Here’s a quick difference – FS209E has six classes, and ISO 14644-1 has nine. In FS209E, the cleanest cleanroom is Class 1 and the dirtiest is class 100,000. ISO classifications are similar but extend from class 1, the cleanest, to class 9, the dirtiest. ISO class 3 is about the same as FS209E class 1, and ISO class 8 is about the same as FS209E class 100,000.
Moreover, different regions have their own standards. For instance, the GMP EU Cleanroom Classifications Grades A, B, C, D represent specific requirements in Europe, aiming to minimize risks of contamination during the manufacturing of sterile products. Grade A is approximately equal to ISO 5, while Grade D can be equated to ISO 8. Compare ISO and GMP EU Cleanroom Classifications here.
These standards are routinely evaluated and refined to address emerging requirements and to ensure maximum control over contaminants.
Importance of Controlling Contaminants
Dealing with contaminants isn't just about keeping a space squeaky clean. It's about ensuring the purity and quality of what's being produced inside. Any unwanted particle or microbe can wreak havoc, potentially ruining products and setting back weeks or even months of work.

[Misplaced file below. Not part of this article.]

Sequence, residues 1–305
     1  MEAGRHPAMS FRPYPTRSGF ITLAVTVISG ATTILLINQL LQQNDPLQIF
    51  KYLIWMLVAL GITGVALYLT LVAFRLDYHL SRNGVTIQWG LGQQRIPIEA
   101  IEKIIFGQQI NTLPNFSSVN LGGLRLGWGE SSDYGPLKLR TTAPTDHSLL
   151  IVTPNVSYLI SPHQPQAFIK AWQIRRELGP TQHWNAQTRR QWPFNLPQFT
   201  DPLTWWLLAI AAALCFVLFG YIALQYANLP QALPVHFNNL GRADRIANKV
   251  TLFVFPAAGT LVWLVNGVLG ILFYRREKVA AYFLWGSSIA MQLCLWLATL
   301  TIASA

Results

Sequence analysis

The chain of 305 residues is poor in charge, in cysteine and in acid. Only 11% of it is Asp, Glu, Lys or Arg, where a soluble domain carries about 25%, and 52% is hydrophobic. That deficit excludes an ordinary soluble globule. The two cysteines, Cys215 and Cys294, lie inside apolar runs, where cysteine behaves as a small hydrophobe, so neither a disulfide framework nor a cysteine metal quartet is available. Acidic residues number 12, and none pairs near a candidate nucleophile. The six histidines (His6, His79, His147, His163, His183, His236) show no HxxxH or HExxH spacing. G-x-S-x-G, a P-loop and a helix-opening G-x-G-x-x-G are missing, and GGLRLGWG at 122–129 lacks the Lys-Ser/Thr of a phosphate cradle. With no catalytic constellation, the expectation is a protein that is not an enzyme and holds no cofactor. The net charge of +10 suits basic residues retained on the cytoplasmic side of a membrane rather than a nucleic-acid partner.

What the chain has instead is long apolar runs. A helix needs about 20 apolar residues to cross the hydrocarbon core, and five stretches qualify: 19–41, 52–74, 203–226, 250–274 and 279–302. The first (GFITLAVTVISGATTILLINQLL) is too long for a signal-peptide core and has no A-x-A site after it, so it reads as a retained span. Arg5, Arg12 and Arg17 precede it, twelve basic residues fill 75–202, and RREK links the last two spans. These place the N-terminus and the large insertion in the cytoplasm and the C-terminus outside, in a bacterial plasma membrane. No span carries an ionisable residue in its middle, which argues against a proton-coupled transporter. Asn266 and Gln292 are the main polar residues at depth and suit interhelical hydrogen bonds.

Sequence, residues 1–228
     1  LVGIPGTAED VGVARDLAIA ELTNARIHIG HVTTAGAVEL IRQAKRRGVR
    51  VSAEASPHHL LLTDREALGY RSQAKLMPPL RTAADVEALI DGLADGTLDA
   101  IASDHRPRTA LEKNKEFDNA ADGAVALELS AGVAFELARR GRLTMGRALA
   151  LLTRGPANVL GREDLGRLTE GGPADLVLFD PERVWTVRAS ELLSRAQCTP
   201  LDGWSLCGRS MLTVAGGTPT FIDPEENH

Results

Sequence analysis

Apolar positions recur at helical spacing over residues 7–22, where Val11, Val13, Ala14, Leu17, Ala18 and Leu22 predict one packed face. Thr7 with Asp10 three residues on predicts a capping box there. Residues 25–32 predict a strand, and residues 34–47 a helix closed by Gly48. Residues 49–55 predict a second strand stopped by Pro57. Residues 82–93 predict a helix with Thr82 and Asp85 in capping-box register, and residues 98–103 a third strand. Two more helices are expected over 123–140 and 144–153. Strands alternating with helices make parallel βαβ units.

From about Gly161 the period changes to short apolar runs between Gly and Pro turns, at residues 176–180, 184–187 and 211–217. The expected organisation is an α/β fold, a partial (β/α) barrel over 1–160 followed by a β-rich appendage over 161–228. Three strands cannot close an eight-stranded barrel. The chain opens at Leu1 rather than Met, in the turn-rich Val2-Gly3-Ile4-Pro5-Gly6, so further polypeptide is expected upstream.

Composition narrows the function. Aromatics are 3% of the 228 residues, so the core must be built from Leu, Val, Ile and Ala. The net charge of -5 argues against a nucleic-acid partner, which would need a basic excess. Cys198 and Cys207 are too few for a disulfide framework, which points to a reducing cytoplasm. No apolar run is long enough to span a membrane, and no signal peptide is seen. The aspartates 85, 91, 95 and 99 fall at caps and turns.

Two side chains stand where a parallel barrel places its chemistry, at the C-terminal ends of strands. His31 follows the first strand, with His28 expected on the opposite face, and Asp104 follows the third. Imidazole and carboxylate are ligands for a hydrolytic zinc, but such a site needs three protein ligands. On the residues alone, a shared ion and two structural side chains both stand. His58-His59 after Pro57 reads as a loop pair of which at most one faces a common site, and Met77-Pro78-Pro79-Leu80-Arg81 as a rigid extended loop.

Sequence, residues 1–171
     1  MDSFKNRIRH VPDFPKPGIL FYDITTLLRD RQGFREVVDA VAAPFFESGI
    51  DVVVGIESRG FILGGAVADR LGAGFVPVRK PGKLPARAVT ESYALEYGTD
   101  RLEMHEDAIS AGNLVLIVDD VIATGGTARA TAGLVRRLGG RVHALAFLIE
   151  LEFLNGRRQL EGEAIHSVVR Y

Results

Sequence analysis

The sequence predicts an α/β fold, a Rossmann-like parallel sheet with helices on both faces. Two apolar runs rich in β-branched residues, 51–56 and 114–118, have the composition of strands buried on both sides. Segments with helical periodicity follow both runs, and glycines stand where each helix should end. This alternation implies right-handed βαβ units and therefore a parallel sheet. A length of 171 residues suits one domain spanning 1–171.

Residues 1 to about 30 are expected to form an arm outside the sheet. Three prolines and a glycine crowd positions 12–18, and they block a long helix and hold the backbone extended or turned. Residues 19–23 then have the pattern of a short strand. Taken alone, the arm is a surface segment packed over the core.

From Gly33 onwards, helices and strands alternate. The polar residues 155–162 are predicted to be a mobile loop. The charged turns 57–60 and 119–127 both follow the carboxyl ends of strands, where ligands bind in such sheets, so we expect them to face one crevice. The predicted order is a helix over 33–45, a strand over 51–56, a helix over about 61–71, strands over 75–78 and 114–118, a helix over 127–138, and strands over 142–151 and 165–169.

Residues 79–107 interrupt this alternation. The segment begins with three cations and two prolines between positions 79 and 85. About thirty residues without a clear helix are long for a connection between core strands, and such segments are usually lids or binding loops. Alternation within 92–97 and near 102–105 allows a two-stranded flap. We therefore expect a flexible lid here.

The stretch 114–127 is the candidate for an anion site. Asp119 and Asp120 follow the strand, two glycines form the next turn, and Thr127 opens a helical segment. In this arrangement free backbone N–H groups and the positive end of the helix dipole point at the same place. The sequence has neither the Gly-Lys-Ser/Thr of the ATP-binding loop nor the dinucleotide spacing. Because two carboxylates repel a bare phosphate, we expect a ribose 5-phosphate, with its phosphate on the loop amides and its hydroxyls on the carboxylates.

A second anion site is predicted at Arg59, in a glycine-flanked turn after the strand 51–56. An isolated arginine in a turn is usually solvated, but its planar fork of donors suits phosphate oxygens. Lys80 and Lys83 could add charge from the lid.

Protection of Sensitive Processes: Some procedures are extremely delicate. Even a minute contaminant from dust, airborne microbes, aerosol particles, and chemical vapors can spoil an entire batch of product – be it microchips for smartphones and EVs, high-precision lenses for telescopes, or nuclear fuel rods in the energy sector.
Safety First: In fields like pharmaceuticals and biotech, contamination could lead to products that are unsafe for consumption. The manufacturing of medical devices such as implants and surgical instruments also requires strict cleanliness – you don’t want pathogens getting to heart valves during production, and then transferring to patients in the OR.
Cost Efficiency: Reducing waste and rework by preventing contamination saves money in the long run. That way you won't wind up with defective electronics that will need to be replaced right at the production stage, especially critical in sectors like aerospace where any flaw can have grave consequences.
Regulatory Compliance: Many industries are required to adhere to strict cleanliness standards. Falling short can mean hefty fines or business closure. For instance, pharmaceutical manufacturers are required by the FDA to maintain strict controls in their cleanrooms, accurately monitoring everything from the airborne particles and air pressure, to the airflow, humidity, temperature, and even lighting. Each cleanroom must be equipped with a monitoring system.